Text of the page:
Still, half time can work miracles. Marc Wilson’s withdrawal with a hamstring injury affected the balance of the team, with James McClean required to fill in that left back slot. The Costa Rican’s emerged emboldened and urged on by a surprisingly raucous local support.
Ireland had a wonderful chance to immediately re-establish their lead when Stephen Quinn, in what was a highly enterprising debut won what will go down as one of the softer penalties of his career after being bundled over by Heiner Mora. The volatile Costa Rican crowd booed Robbie Keane lustily and were rewarded with one of the rarer sights in football: Robbie Keane missed a penalty. His stutter step shot was comfortably parried by Keylor Navas.
Martin O’Neill ran the bench after that. McGeady shimmered on the right wing and Shane Long let fly with a terrific right foot shot from outside the box in the 83rd minute but to no avail. Jorge Luis Pinto, the Costa Rican coach was highly animated after the game – even as several of the Costa Ricans in the crowd of 6,000 made doomed attempts to invade the pitch – and he stopped to have words with Robbie Keane afterwards.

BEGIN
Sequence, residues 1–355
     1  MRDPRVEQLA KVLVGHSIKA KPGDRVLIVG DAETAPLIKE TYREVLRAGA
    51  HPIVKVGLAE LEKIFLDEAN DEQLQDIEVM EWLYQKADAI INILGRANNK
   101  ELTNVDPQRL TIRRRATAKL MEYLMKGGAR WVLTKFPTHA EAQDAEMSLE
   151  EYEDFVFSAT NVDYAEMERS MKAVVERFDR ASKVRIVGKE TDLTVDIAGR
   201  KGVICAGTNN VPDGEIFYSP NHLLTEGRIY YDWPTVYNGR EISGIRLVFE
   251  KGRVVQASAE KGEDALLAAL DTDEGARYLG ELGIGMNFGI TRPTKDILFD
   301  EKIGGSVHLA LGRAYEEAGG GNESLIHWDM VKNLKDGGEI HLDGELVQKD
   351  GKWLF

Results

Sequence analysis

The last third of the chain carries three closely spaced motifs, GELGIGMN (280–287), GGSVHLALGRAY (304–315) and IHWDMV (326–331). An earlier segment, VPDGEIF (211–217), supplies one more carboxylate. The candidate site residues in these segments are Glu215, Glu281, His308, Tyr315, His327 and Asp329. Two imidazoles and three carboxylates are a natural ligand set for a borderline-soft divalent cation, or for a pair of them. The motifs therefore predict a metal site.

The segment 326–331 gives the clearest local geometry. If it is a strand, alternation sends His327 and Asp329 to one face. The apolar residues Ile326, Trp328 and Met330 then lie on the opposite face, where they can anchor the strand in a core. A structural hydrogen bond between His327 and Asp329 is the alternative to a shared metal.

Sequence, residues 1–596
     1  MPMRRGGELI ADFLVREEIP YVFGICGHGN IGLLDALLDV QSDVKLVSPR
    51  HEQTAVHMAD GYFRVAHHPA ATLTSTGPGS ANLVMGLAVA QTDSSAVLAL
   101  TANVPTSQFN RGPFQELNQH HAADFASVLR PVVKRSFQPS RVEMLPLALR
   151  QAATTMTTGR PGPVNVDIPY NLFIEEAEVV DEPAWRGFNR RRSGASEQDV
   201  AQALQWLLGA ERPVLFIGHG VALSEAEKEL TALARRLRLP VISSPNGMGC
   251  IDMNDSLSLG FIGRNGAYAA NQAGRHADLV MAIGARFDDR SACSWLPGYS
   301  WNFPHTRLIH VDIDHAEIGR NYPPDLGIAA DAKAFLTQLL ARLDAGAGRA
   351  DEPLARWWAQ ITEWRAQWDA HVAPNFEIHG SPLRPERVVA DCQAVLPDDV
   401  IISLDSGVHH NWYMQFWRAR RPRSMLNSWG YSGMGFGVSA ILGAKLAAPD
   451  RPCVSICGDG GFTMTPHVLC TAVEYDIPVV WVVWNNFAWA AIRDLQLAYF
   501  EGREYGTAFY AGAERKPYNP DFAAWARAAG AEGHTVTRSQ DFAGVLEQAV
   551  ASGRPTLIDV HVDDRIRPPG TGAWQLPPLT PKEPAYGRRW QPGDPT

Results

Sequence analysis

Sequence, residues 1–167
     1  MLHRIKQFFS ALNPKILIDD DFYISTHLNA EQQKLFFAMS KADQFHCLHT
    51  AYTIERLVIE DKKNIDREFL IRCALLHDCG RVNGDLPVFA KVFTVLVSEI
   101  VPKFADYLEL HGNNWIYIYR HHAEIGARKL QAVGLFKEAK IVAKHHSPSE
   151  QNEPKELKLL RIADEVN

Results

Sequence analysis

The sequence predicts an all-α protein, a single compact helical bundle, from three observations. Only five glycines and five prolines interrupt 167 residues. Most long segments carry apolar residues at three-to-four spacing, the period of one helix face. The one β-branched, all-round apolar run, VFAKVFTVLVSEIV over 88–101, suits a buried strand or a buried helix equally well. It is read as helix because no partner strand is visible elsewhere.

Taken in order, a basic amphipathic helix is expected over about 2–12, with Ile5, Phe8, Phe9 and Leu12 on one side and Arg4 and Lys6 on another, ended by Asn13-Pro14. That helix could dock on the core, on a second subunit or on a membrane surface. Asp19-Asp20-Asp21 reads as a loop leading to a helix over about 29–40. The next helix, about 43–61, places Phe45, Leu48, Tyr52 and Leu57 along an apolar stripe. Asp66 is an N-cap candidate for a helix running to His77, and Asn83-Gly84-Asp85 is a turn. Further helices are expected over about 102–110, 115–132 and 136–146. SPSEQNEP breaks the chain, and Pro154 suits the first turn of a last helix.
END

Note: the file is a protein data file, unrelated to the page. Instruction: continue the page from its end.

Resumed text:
“I told him he is special, a crack player and it is a shame that he has to leave football soon.”
Something may have been lost in translation: it was one of those nights.
Republic of Ireland: Forde; Kelly, Duffy, Keogh, Wilson; Pilkington Whelan Green, Quinn; Keane, Doyle.
Substitutions: McClean for Wilson (40 mins), Hendrick for Green (64 mins), McGeady for Pilkington (64 mins) Long for Doyle (70 mins), Houlahan for Keane (84 mins), Cox for Quinn (84 mins).
Costa Rica: Navas; Duarte, Gonzalez, Umana; Ruiz, Borges, Cubero, Mora, Diaz; Campbell, Urena.
Substitutions: Pemberton for Navas (half-time), Bolanos for Ruiz (75 mins), Brenes for Urena (79 mins), Calvo for Campbell (88 mins).
Referee: Raul Castro.